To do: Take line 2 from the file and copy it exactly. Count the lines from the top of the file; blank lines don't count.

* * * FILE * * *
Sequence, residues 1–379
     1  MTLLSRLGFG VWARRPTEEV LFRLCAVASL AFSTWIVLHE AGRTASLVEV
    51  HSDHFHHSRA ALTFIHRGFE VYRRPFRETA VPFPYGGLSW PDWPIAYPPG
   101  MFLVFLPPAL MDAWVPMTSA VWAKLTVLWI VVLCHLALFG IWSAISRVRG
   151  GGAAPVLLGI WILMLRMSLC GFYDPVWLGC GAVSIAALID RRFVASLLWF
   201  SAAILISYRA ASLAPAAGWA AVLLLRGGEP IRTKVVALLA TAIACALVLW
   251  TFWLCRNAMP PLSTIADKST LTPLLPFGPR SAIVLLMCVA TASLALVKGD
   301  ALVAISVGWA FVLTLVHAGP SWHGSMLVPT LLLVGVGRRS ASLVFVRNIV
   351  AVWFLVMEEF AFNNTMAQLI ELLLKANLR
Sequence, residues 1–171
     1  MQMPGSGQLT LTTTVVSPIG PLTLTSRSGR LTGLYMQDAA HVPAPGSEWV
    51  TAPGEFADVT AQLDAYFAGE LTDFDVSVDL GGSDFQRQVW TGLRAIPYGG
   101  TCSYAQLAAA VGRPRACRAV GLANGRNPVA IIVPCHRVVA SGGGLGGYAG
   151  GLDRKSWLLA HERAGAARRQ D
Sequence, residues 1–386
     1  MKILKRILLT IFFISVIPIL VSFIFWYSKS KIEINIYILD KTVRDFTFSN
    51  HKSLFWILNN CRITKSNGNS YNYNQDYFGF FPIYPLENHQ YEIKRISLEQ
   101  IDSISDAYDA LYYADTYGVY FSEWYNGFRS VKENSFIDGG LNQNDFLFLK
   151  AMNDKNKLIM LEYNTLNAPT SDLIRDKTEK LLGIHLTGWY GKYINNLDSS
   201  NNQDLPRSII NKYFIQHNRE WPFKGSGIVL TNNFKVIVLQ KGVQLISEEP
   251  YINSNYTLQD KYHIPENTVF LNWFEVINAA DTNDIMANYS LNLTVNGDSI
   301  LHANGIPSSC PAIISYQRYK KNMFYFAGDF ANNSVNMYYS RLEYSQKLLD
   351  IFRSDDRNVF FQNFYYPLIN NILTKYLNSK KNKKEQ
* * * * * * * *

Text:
     1  MTLLSRLGFG VWARRPTEEV LFRLCAVASL AFSTWIVLHE AGRTASLVEV